Position your vehicle directly in line with the deer and the anchoring point it is secured to, then tie the other end of the rope connected to the ball/rock to the vehicle. At this point you are ready to skin the deer! Double check your knots, then slowly and carefully pull your vehicle ahead to take the slack out of the rope attached to the deer's hide. As you now apply tension to the rope, the hide will begin to peel off the deer, and will actually lift the deer free from the ground.

Notice how the hide is pulling off the deer free of meat or fat. Also note the tarp in the background. Now is the time to put a fresh, clean plastic tarp underneath your deer! As already mentioned, the deer is actually being held off the ground by the tension of the rope on your vehicle pulling on his hide, but once the hide is free from the deer, it will drop back down on the ground. The clean tarp keeps every bit of dirt, hair and contaminants off the skinned carcass once it pulls free from the hide.

As you pull with your vehicle, do it slowly and steadily. First the neck will finish peeling off, then the shoulders, the front legs, then the ribs and flank, without pulling off the flank meat!

Note in this photo that a brand-new poly-tarp (about $2.50 at discount stores) has been placed underneath the deer to keep it clean. Also you can see the rope tied to the antlers which is in turn tied to a tree. On the left side of the photo can be seen the red and white rope tied to the hide via the ball/rock.

As you continue to pull the hide will peel off evenly and cleanly. In the above photo the hide is pulled off of all but the hind legs, even the tail peels clean when you use this technique to skin a deer! (Nice when you want a hair-on tanning job!)

You can see in this photo how important the tarp is in keeping the carcass clean. Also it is easy to see here why there is so little hair on a carcass when skinning this way, as the hide gets turned totally inside out, and is being pulled away from the skinned meat at all times.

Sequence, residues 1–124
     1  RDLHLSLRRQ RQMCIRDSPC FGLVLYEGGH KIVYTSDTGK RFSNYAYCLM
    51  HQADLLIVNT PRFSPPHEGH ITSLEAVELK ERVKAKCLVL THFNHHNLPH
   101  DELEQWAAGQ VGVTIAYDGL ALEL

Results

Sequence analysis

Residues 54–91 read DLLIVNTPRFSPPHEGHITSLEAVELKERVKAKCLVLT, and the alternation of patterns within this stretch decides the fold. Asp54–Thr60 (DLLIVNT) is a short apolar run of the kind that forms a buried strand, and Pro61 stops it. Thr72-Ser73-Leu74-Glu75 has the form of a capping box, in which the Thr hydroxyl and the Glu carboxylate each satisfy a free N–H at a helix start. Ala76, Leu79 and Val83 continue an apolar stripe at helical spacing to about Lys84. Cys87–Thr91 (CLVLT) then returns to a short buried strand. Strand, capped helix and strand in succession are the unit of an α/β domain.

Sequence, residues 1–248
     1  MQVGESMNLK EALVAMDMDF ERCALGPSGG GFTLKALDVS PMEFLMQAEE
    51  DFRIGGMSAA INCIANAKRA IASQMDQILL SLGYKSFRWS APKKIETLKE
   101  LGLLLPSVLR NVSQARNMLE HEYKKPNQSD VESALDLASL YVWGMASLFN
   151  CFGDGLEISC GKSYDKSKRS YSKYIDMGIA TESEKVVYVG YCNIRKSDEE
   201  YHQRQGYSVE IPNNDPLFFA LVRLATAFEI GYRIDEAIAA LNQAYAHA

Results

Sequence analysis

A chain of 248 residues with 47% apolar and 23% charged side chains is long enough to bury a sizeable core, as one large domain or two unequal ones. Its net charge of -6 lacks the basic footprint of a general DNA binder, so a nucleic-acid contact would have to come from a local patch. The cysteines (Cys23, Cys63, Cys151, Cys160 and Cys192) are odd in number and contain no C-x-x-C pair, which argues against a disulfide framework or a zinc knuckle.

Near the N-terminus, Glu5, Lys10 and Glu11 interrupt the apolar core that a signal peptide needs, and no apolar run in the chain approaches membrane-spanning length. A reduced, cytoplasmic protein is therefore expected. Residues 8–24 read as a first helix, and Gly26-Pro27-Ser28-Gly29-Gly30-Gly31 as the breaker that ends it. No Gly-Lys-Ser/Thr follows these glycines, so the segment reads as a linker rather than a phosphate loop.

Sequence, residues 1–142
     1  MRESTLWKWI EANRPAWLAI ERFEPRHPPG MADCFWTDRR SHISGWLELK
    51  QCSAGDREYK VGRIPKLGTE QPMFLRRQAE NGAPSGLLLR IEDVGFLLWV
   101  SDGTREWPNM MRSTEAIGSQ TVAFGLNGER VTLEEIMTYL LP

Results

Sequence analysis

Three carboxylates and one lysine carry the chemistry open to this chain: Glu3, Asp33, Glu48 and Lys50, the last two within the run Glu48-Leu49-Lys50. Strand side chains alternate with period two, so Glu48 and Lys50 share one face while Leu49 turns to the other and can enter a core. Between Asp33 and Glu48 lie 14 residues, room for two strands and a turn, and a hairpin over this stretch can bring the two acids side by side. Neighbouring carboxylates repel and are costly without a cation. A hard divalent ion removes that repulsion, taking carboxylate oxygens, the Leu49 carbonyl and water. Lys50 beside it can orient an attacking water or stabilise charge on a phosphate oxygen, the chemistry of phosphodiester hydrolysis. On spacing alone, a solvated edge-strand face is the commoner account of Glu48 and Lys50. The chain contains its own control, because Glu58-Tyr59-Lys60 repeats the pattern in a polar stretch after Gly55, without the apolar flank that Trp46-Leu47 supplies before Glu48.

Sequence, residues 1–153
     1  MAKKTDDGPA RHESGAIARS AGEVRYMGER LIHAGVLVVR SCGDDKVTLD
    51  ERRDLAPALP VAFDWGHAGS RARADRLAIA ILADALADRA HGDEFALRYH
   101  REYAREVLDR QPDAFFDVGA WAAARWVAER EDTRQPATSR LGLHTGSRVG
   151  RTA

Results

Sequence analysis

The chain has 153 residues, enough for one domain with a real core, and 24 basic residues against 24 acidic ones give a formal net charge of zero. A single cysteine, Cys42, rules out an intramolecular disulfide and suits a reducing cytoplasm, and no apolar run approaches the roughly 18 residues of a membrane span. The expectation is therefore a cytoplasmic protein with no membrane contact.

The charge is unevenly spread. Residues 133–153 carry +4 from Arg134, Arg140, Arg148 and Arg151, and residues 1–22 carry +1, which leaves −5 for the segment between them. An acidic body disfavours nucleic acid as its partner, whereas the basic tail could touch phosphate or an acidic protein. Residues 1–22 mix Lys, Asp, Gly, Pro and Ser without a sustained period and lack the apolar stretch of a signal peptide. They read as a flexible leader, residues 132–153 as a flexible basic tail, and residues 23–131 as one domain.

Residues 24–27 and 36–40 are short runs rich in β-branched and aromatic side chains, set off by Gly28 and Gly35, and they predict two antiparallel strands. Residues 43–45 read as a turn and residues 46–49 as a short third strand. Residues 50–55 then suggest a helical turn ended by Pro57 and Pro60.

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Now, the finished, skinned deer! The carcass is clean and without hair, and the hide is pulled free without holes or flesh left on the skin. All that remains is to cut off the legs, hang and bag, or, if done in the field, just bag and load into the vehicle!

This is absolutely the easiest and cleanest way I have found to skin a deer! It is also the very fastest (if you aren't taking photos of every step) that I know of. Give it a try, and you'll never go home with a deer that needs to be skinned! It's just too easy to do it in the field and take home a clean carcass! Also, as an added benefit, the deer cools out much faster when skinned in the field.

I've been doing my deer this way for years (yes, elk too; when you can get them out to a vehicle whole, it works great), and I can't even remember where I learned this technique. My grandfather and father both hung their deer to skin them, and I can't remember where along the line I picked this up, or I would give credit to its origin. Nevertheless, it's worth checking out the next time you have a game animal to skin!